Try Stepping Out
Have you ever gone for weeks doing the same thing every day—driving the same way home from the office, bringing work home and ignoring it, eating fast as if meals are in the way, having the same thing for breakfast each morning?
What do you think would happen if you intentionally stepped out of your daily practice of mindlessness? What would it feel like to dance rather than jog early in the morning, to prioritize playing your guitar in the evening instead of watching television, to drive a different way home from work, to listen to different music, to read poetry?
Doing the same thing over and over, day after day, is not good for your brain. I once heard a neurologist say that having conversations with people who disagree with you is good for the brain because it is more difficult than having conversations with likeminded people. Respectful discourse has become so rare that the thought of it might feel dangerous in these times! But honestly, I think there are many who long for dialogue across the spectrum of opinions and ideas. Imagine the possibilities if everyone pulled their heads out of social media for a week or a month?
Mindfulness us not the exclusive right of meditators. It is possible to sit mindlessly on a meditation cushion; I know that from personal experience. Sitting is the rule rather than the exception these days. Twenty-five centuries ago in India, people were moving around a lot more than we do now. Even in the first half of the twentieth century, when Mahatma Gandhi was meditating, he was stepping out of his normal practice of walking long distances. My father grew up on a farm with seven siblings and a mother who would not have allowed her kids to sit and do nothing. For many of us, stepping out should involve movement.
I got my guitar out of its case tonight for the first time in…I don’t know how long. I keep it near a piano that occupies a corner of my home office. Although I often look in that direction, I seldom actually see the piano these days, much less sit on the piano stool. You would think there is a sign on it that says “Do not touch the keys!”
Although it is easier to play tunes on the stereo and experience music passively, I can also go months without playing my favorite John Coltrane or Miles Davis tunes. It is shameful to admit this. So, I am committing right now to stepping out more often and hope you will join me. If you want to enhance your mindful awareness in some other way than sitting still on a meditation cushion—and most adults with ADHD hate sitting still—experiment with stepping out in your own way. Then write a comment in the box below about your experiment and the effects that you observed.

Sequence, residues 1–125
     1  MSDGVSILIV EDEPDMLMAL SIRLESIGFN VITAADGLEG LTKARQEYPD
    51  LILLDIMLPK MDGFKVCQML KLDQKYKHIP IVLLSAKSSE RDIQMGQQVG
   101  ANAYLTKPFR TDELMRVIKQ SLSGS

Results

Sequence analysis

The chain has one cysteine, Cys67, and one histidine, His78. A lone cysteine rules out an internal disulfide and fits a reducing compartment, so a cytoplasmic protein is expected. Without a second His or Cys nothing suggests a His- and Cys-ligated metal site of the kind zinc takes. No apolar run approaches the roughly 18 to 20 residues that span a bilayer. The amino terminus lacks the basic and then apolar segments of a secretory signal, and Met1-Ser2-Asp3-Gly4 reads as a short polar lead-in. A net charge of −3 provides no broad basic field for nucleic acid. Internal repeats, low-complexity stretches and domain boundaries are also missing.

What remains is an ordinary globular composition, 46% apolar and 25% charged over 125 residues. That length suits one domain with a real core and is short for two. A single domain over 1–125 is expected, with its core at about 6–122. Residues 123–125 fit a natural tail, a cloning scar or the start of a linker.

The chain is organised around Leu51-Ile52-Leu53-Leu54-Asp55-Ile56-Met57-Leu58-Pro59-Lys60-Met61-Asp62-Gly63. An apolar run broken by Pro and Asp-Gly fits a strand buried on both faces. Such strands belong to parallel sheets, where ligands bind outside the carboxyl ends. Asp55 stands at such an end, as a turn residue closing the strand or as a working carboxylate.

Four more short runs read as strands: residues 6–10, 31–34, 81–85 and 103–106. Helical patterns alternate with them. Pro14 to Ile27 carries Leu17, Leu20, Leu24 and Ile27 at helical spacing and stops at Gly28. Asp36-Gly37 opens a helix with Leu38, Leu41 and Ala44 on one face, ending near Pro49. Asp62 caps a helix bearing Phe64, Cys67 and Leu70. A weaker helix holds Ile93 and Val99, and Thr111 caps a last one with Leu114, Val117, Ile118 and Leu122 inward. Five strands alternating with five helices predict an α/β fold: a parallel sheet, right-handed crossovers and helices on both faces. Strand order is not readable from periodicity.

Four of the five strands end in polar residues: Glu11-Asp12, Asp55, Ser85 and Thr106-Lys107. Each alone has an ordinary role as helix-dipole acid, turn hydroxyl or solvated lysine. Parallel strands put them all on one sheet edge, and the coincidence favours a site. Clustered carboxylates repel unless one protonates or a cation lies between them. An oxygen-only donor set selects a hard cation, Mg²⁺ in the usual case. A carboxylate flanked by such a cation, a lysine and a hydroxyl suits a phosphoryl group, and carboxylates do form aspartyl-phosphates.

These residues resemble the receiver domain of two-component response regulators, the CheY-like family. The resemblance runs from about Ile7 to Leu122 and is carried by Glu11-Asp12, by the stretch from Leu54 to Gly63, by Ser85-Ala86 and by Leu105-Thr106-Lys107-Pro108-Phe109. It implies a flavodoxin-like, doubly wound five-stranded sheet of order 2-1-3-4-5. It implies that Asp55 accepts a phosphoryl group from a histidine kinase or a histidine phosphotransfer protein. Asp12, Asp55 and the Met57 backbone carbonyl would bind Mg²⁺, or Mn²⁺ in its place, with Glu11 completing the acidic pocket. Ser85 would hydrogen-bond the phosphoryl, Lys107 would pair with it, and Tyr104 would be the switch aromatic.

I played the piano yesterday for the first time in a decade. It felt good, although the left hand is definitely in need of practice!
You have described a well known phenomena for me. TV is a trap as is the computer. 12 minutes of exercise is a good change. Playing guitar would be another. When done it always seems to be when I am in a good mood and have good energy. But I think one of the killers for me is that when I do some of the more creative endeavors and critique myself too hard because I am not good enough or knowledgeable enough and that has its own deterrent side effect.
I know what you mean Rick. Why do we do that to ourselves? When we say, “not good enough,” who is judging? And which one is the “self,” the one being judged or the one judging? A Zen teacher once taught me to practice dropping the judgment so there would be no judge and no self, just pure experience. Try eliminating the judge and see what happens. You might find it liberating. Judging can be such a waste of time. When Julian Lennon’s parents divorced, Paul McCartney wrote a song to encourage him, suggesting that he “take a sad song and make it better.” Maybe you can take a bad song, bad lyric, bad narrative, or bad performance and just make it better. Thanks for your comment!